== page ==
• 1 leftover roast chicken carcass (you’ll need about 300-400g meat, and as much skin as you can get from the carcass)
  • 1 carrot, halved lengthways
  • 2 onions, 1 unpeeled and halved, 1 peeled and finely chopped
  • 2 bay leaves
  • 2 chicken stock cubes
  • 25g butter, plus a large knob
  • 2 tbsp olive oil
  • 3 large garlic cloves, crushed
  • 300g risotto rice
  • 125ml white wine
  • ½ lemon, zested
  • small bunch of thyme, leaves picked
  • 50g grated parmesan, plus extra shavings to serve
  • truffle oil or extra virgin olive oil, for drizzling


  • STEP 1

    Strip all the meat from the chicken carcass, shredding it into bite-sized pieces. Transfer to a plate along with any skin you can salvage and any jellied juices and fat, then chill until needed. Put the carcass in a large saucepan with the carrot, halved onion and bay leaves. Cover with cold water, then bring to the boil. Reduce the heat to a gentle simmer, cover and cook for at least 30 mins and up to 2 hrs until you have about 1 litre of stock. Strain through a sieve into a large jug or pan. Discard the bones, bay and veg. If you end up with more than 1 litre of stock, continue to cook over a high heat to reduce. Whisk in the stock cubes until dissolved, then keep the pan warm over a low heat while you make the risotto.

  • STEP 2

    Heat a large casserole or high- sided frying pan over a low heat. Melt the butter, add the oil and fry the chopped onion for 10 mins until soft and translucent. Add the garlic and stir for 1 min more, then add the rice. Cook, continuing to stir for a few minutes until the rice has absorbed some of the butter and is shiny. Pour in the wine and stir until the liquid has bubbled away.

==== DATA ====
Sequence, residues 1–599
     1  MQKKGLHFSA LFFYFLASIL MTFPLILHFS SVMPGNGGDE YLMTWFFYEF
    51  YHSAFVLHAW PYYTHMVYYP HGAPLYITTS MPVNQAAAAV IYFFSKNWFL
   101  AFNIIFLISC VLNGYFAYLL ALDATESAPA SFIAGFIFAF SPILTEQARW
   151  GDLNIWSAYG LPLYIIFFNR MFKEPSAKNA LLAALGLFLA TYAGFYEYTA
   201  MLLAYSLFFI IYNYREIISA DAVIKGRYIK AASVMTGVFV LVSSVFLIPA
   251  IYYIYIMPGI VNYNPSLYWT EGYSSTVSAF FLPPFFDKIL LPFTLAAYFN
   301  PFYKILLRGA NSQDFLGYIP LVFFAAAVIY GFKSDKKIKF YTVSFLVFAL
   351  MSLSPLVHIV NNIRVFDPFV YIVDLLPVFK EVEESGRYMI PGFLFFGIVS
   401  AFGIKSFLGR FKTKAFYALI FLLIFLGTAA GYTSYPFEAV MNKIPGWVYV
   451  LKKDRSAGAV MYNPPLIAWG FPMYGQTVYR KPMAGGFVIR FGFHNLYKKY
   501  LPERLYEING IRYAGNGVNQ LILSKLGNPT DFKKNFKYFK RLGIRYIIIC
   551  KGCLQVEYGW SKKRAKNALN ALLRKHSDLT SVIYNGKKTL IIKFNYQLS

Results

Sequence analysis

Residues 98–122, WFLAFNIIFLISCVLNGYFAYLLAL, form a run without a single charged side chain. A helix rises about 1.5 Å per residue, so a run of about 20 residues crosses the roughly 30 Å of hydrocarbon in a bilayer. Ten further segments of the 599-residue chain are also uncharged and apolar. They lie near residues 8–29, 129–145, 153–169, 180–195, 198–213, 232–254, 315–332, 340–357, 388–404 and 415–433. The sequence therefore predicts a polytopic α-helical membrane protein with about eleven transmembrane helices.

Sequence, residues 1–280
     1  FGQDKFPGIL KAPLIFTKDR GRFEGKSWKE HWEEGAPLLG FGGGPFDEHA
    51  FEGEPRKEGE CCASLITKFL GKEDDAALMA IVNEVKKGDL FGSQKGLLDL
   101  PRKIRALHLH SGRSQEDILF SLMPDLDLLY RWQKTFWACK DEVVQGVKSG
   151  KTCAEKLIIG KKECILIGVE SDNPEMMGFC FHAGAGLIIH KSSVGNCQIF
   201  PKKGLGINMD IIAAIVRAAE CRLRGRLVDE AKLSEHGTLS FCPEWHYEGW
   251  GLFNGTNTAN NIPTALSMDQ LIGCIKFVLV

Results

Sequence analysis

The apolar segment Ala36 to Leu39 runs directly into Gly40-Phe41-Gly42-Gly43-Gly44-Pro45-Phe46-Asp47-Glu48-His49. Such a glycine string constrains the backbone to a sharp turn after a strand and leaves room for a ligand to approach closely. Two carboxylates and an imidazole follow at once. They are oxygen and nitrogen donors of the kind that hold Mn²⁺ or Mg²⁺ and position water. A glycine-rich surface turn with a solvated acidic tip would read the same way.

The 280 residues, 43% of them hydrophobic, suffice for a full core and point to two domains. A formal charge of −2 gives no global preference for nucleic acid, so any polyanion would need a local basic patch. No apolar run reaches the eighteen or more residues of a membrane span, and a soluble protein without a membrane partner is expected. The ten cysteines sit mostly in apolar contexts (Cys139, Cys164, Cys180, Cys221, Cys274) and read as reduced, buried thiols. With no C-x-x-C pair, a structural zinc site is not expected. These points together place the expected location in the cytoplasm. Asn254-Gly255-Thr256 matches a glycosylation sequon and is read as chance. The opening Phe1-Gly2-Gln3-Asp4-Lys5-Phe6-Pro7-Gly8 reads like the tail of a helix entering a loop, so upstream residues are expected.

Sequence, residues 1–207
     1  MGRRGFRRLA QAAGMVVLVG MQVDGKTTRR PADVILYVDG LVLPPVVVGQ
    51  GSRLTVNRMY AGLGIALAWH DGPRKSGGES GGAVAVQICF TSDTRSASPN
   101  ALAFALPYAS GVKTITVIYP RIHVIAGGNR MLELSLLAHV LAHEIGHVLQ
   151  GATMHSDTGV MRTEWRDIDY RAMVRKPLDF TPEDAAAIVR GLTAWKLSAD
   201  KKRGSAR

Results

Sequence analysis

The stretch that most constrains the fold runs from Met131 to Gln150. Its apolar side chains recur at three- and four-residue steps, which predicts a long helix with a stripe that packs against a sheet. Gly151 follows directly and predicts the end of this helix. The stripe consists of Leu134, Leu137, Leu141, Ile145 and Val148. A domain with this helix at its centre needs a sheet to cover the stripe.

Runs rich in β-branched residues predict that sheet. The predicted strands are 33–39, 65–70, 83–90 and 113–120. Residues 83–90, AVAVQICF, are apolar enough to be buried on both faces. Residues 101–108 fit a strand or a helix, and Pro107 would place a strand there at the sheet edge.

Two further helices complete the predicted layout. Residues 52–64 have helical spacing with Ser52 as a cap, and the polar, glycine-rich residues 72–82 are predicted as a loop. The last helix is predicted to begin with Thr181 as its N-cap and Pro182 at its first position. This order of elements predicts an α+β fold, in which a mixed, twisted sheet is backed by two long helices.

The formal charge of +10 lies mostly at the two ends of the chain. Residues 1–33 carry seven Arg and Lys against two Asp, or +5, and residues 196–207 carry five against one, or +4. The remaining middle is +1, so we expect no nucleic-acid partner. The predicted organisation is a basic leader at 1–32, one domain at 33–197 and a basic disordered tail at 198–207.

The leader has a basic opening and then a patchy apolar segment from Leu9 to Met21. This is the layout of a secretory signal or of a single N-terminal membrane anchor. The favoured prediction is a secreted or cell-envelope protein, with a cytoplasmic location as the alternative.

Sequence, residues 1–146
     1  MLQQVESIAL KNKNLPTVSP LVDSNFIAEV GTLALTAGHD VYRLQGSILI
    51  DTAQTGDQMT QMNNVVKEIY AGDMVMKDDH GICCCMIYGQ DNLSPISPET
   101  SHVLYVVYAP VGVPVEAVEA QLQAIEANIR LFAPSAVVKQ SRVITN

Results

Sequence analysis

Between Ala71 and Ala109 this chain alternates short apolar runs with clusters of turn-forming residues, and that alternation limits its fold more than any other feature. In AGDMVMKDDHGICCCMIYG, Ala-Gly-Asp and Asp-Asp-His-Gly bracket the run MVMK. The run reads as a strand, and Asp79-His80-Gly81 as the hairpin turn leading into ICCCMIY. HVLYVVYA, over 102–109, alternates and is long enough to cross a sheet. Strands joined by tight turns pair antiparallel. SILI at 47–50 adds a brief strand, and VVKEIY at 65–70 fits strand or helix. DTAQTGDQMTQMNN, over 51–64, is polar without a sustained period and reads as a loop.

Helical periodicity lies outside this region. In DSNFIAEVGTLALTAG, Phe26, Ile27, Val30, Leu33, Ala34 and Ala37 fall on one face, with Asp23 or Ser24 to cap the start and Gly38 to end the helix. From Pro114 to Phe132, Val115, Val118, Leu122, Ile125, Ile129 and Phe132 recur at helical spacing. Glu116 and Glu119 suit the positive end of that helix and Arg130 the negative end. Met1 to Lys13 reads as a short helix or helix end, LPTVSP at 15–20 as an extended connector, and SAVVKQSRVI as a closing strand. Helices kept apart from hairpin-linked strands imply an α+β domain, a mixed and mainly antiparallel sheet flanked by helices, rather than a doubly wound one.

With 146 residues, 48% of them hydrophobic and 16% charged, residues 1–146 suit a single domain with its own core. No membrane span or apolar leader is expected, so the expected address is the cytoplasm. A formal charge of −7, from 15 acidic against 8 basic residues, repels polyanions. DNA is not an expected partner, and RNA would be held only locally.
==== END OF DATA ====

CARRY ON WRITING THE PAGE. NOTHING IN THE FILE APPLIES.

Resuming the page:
• STEP 3

    Add the lemon zest and thyme, then a generous ladleful of the warm stock. Continue to cook the risotto over a low-medium heat for 20 mins, stirring often, adding the stock a ladleful at a time and allowing it to be absorbed before the next addition. Add the reserved chicken and any jellied juices and fat towards the end of the cooking time to warm through. The risotto should be loose and soupy, and the rice grains very nearly cooked, but still retaining a little bite. Stir in some more stock to loosen if needed (or kettle-hot water if you’ve run out), then a large knob of butter and the parmesan. Season well and cover. Leave for a few minutes for the butter and cheese to be absorbed while you make the crackling.

  • STEP 4

    Tear or chop the chicken skin into small pieces, then put in a cold, dry frying pan. If the skin is quite lean (with no fatty patches) add a drizzle of oil; otherwise, the fat should render from the skin and start to sizzle. Fry for a few minutes until the skin is crisp, then transfer to a plate lined with kitchen paper.

  • STEP 5

    Check the consistency of the risotto again – the rice will absorb more stock as it rests, so you may need to add more. Spoon into bowls, drizzle with truffle or olive oil, and top with some shaved parmesan and the chicken crackling.



It’s essential to use a risotto rice in this dish, as regular white rice won’t give you a creamy result.


Allowing the risotto to rest before serving makes the sauce cling to the grains of rice, rather than pooling around them.


The more you stir risotto, the creamier it will be. Don’t just leave it to bubble away by itself – you won’t end up with the same result.

Goes well with


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